Can AI Decisions be Biased?

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Artificial Intelligence (AI) has evolved to be more than just a technology that exists to help humans and is slowly invading people’s lives and is bringing routine changes. As it keeps on evolving there are concerns about its decisional bias. AI looks like a futuristic technology that could do only good to humans but is proven to be risky based on certain decisional bias.

AI is more of a mechanism that abstracts and reacts to contents like a human does as it is designed and developed by humans. There are questions about whether AI can adopt everything that humans including being biased to an ideology, and the answer to it will be a big Yes. AI can do that. Because human data is an important substance to make AI function and that is where the AI-bias problem lies. AI-biasing is the data prejudice that’s used to create AI algorithms, which can ultimately result in racial discrimination and other societal consequences.

We already have witnessed some cases where AI reacted like a biased mechanism. Eg: Microsoft’s first AI Chatbot named ‘Tay’ tweeted over 95,000 times within sixteen hours of launch but mostly with abusive content because Tay was trained using a basic dataset of anonymized public data and some pre-written material.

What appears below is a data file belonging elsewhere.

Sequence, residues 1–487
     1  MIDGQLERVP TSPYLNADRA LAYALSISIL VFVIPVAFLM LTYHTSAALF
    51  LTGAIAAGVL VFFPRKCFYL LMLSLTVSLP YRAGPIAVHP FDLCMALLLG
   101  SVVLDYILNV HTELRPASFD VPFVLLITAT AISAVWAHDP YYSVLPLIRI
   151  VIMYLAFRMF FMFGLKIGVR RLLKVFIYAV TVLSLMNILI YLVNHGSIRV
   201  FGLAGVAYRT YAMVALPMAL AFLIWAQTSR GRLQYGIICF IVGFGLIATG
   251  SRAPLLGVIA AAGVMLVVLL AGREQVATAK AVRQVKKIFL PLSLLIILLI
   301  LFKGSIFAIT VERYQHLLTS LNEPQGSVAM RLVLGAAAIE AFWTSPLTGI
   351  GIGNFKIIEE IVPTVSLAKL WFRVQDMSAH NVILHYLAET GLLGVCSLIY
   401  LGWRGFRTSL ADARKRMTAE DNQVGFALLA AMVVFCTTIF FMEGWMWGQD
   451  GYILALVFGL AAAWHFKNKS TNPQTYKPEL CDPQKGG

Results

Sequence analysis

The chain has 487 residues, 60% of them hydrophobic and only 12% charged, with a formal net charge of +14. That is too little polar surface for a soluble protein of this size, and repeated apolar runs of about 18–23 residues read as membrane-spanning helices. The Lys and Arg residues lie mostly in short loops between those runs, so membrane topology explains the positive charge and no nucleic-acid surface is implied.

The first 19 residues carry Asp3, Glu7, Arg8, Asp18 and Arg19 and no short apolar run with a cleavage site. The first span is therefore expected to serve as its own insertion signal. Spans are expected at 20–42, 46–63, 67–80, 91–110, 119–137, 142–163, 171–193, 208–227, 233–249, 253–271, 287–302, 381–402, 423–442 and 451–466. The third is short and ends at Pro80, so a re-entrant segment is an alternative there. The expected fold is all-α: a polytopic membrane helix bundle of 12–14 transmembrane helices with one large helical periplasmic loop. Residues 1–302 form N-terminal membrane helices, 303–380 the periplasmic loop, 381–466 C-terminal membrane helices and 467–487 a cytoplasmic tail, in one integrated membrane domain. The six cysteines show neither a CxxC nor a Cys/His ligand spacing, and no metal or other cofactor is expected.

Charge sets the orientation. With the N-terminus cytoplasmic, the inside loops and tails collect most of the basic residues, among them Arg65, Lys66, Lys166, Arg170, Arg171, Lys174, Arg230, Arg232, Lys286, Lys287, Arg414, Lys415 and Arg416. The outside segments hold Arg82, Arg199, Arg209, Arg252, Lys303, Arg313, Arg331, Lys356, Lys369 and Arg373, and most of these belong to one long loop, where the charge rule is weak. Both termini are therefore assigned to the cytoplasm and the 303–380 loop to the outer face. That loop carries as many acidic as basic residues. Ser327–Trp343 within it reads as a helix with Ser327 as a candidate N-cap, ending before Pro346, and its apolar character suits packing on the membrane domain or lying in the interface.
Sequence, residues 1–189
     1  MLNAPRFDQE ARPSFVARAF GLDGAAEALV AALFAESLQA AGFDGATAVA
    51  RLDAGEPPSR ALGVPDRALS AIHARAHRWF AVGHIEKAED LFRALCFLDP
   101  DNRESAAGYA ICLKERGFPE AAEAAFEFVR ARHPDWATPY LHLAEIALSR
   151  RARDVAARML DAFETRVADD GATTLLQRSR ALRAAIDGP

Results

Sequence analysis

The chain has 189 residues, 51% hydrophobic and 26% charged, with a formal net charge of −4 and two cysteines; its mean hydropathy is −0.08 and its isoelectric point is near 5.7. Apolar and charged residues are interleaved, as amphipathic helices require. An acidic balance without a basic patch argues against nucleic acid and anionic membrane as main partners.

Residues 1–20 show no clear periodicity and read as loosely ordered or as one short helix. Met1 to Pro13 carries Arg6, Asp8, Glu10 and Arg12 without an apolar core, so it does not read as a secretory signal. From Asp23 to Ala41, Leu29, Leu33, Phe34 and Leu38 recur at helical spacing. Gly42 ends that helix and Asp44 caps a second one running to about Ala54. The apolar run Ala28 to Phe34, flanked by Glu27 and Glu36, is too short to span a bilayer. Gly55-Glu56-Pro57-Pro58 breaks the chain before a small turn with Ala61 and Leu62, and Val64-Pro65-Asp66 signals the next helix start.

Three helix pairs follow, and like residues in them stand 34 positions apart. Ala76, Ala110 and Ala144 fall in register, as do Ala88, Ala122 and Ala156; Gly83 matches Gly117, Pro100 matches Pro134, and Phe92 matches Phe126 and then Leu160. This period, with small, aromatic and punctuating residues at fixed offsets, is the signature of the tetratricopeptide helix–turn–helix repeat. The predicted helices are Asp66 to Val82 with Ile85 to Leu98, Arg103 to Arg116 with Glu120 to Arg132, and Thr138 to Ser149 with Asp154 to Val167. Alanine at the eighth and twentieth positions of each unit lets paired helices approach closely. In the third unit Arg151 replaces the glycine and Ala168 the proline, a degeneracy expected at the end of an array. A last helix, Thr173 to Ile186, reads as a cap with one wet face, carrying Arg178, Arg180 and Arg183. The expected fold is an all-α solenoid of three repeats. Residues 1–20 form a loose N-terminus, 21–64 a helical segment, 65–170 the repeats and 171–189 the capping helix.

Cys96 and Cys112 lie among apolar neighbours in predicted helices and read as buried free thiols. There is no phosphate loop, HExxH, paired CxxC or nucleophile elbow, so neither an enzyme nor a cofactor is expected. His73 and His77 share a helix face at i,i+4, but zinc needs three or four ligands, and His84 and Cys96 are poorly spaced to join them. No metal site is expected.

The reason behind AI-bias is because data input for any AI device is collected from human actions. And we can’t expect humans to have a mechanical mindset. It looks simple from a common perspective but is dangerous since the applications of AI have increased tremendously, for example in a company if a job application going through AI classification and it rejects a person based on their race this practice creates social injustice in the society. Every human has a biased thought about something. Even professionals with good intentions can be influenced by biases.

Computers don’t become biased on their own. They need to learn from humans or other data sets. The real problem comes when the algorithms learn and adapt from their original coding, they become more opaque and less predictable. So the people behind AI and its mechanism should be unbiased otherwise it can soon become difficult to understand exactly how the complex interaction of algorithms generated a problematic result. And many private organizations are reluctant to reveal the commercially sensitive inner workings of their algorithms.

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